The Juul C1 e-cigarette pairs with an Android smartphone to limit who can use it as well as to provide a way of monitoring how often the user vapes.
Juul said the C1 could only be used if people got through age-verification and face-recognition checks.
But anti-smoking campaigners said it was too soon to say if the tech would do much to prevent underage vaping.
Juul has previously faced criticism that its products are being widely used by teenagers.
Last year, the US Food and Drug Administration (FDA) said the number of high-school teenagers using e-cigarettes had become an "epidemic".
It said that about 21% of US school students had vaped at least once in 2018.
In the UK, figures from anti-smoking charity Ash suggest about 15.4% of 11-18 year olds in Britain have tried e-cigarettes. About 1.6% of the same age groups use them more than once a week.
In 2018, the FDA called on Juul and four other makers of vaping devices to submit plans to help stop teenagers using their products.
In June, San Francisco banned vaping, making it illegal for shops to sell e-cigarettes and forbidding online firms from delivering them to addresses in the city.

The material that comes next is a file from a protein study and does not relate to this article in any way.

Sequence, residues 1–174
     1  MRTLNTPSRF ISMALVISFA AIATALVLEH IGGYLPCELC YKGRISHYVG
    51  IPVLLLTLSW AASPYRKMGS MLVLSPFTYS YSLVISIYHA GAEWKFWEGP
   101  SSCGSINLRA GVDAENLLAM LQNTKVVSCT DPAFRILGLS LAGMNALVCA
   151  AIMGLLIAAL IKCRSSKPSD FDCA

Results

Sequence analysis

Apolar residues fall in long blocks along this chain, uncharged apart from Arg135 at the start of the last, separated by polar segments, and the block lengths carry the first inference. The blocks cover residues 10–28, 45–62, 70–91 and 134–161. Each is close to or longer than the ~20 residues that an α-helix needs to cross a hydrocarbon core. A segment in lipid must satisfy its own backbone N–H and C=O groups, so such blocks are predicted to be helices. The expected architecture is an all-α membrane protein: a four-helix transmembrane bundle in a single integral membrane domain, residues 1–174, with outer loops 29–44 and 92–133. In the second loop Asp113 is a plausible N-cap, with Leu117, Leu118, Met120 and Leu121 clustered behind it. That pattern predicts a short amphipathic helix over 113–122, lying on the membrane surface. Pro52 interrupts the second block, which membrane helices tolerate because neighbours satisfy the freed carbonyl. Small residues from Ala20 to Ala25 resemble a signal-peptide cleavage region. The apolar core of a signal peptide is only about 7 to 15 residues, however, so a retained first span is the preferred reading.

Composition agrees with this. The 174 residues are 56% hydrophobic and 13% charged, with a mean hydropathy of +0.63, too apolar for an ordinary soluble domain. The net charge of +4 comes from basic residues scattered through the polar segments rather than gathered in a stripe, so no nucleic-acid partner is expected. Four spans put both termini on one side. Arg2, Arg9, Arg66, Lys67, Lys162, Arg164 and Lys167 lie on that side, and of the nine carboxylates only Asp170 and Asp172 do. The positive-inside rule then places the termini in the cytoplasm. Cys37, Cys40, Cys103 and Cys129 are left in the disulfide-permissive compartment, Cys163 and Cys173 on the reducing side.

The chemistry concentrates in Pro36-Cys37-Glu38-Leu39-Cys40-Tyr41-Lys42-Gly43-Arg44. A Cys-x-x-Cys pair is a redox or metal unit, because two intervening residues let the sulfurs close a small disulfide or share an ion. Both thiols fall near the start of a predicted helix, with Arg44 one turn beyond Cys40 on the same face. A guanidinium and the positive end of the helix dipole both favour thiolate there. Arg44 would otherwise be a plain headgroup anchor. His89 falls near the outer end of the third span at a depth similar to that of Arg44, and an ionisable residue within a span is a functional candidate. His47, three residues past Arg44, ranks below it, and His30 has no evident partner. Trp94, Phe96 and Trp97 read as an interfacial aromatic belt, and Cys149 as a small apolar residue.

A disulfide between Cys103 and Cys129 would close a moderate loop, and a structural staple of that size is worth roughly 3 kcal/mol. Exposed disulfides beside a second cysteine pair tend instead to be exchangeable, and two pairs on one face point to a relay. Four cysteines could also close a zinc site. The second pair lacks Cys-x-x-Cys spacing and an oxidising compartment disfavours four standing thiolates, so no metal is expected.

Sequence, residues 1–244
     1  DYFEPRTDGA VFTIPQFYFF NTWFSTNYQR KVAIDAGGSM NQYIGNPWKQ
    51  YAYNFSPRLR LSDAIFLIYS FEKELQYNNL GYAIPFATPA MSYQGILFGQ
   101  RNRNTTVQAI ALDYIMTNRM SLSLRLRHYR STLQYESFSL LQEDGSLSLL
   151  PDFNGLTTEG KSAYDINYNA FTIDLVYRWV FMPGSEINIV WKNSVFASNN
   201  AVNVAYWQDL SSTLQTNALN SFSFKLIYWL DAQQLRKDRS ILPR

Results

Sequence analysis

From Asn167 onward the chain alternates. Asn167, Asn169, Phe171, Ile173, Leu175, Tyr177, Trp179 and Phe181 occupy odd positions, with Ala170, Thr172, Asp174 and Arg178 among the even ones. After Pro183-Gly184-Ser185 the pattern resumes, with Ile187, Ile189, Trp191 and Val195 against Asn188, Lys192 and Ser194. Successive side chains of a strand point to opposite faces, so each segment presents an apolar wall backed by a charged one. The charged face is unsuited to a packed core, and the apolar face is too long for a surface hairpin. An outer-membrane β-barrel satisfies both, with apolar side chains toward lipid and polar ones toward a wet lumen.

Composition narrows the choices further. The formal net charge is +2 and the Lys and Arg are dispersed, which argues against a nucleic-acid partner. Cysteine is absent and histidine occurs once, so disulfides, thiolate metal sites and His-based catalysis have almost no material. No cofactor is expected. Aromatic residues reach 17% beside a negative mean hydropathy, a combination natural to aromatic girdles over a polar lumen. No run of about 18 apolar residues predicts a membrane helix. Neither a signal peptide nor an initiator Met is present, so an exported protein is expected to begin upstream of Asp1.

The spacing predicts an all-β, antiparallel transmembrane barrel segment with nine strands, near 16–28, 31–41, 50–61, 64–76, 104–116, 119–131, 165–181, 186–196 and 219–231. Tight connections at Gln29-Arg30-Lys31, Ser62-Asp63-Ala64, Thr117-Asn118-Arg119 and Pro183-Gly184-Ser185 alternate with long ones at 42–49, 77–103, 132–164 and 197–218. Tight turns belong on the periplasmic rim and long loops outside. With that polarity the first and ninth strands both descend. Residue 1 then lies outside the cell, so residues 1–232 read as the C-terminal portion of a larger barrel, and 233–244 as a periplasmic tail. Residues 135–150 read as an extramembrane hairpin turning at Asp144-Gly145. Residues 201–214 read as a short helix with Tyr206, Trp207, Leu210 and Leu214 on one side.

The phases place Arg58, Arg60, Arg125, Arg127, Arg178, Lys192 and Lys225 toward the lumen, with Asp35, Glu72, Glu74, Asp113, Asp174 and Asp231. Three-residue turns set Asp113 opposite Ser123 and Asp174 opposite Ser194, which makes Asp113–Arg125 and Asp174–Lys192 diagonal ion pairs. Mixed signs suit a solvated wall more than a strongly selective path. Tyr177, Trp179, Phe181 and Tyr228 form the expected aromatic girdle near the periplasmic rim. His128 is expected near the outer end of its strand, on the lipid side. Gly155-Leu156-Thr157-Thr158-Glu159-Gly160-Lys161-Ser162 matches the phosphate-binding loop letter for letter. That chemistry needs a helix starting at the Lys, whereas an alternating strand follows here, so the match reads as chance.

Juul UK boss Dan Thomson told the Financial Times newspaper that the C1 could only be bought and used after customers went through "stringent checks" to verify their age and identity.
Deborah Arnott, chief executive of Ash, said the C1 had the "potential" to prevent younger people getting access to e-cigarettes.
But she added: "There's also the risk that e-cig companies could be hiding behind the promise of child protection and personalisation of the product, while in practice signing their customers up to a marketing tool which, worse still, gives them access personal health information on an individual level."
"Requiring adherence to data protection laws to prevent this from happening is essential and needs to be carefully monitored," said Ms Arnott.